The smile on the faces of the red ants in the pavement between the station and the park helped for a moment to feel a bit of sympathy. Until I remembered that anthill and learnt that they should symbolize the mass of people walking to and fro. I am not an ant. My mandibles are not very threatening and neither am I running around so hastily.


The sounds

All those strange evening sounds are new to me. The boxers are claiming the street in the evening, just before the curfew starts. They are shouting, listening to music and hitting sandbags or each other. My music is louder than theirs,filling the studio with feminist rap.

'Music hath charms to soothe a savage breast, to soften rocks, or bend a knotted oak.', the British poet William Congreve wrote down in1697. I do agree with William.

On evenings without excited boxers or cars driving through the rain, I can hear the birds sing which are meeting up in the underwood and in the treetops of the wild garden.The bullfinch seems to call me, but apparently I don't hit the right note as he never appears. Probably I don't have enough feathers to be convincing. I also never see the boxers.


The tongue

The tongue introduces herself, and at first I am confused. Yes, I have been a tongue at former performances which were actually echoes of a silly job in Berlin. In order to promote a famous cinema, I stood on the Kurfürstendamm as a blue female film reel, with a huge hair ribbon and oversized shoes and gloves made out of soft foam.

From mascot to masquerade to carnival is not such a big step, and I start to understand why my hand is drawing the tongue again. Even if the pandemic inhibits the usual outburst of carnival in this town, there are small bushfires. A dash of confetti lying in the snow, or a lonely dragon sneaking around in the historic center. Closed cafés which are fully decorated with pictures of previous festive nights. And a tongue, made of watercolour and memories, arising in a house named White Smoke which does not contain smoke but plenty of space for thought.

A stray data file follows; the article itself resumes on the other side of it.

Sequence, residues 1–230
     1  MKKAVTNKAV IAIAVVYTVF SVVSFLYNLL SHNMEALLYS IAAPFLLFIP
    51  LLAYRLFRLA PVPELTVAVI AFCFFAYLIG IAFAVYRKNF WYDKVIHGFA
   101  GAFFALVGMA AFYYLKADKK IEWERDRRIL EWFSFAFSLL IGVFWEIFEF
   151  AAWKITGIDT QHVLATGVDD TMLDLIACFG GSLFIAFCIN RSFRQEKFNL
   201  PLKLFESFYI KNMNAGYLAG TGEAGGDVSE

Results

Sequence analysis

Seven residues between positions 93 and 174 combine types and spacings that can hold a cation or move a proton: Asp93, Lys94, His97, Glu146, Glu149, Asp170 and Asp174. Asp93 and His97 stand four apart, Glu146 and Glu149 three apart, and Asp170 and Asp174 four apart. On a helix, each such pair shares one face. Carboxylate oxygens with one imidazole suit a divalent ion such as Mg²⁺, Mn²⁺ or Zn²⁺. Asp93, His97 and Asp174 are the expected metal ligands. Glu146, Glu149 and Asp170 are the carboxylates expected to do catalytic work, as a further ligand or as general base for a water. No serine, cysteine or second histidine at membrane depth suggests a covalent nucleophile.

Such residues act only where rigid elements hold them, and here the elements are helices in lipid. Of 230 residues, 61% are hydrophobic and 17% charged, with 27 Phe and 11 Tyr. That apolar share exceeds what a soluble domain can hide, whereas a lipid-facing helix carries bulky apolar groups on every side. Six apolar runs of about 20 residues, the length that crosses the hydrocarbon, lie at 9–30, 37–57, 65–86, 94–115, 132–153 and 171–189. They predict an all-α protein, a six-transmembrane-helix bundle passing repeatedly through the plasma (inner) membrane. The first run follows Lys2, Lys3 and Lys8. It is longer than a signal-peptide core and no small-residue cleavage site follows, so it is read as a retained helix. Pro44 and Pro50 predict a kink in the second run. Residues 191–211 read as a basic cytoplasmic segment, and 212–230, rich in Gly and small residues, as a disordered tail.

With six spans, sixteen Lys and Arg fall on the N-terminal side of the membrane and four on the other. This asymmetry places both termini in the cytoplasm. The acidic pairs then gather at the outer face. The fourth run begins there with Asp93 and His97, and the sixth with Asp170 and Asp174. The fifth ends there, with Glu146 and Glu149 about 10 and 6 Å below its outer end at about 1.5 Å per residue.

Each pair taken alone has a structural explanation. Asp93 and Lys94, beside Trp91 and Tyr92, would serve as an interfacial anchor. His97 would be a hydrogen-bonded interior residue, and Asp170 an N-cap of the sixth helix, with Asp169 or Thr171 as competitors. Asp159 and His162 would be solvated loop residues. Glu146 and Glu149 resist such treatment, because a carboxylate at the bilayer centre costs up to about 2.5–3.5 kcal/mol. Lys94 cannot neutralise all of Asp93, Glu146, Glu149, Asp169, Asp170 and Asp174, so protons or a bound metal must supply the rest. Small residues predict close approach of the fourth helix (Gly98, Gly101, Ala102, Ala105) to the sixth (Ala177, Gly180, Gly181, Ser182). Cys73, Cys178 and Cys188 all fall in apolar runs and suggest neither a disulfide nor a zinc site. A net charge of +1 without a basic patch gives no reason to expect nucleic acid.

The dance

So now here you are, protagonists. Some of you knew immediately where to hang out, others travelled through the studio spaces until they found the right spot, turning them into a presentation. Although there cannot be an official opening, some very nice people are coming to see you and exchange thoughts overday.

At night, we are all by ourselves. When I go to the kitchen to make some tea, I notice what you look like with the lights switched off. Most of you stay calm, but especially the chicken foot becomes a bit scary. I poke at it cautiously, and it starts to dance.


The farewell

You see, snowdrop? I held word, and now you are back in the garden. Your flower has withered a bit, but inside your bulb there is a strong will to survive, and when you bloom next year, you have a lot to tell to your friends and family.

There is one last thing to do: Make the doublefinger meet the light switch to turn off the light. Reluctant at first, they unite with a short and dry kiss and let the twilight cover the hallway.

I am leaving and, from the outside, am touching the well rounded doorknob in order to lock the door. For a second I withdraw my hand, then I touch it again. It is warm. The House is alive.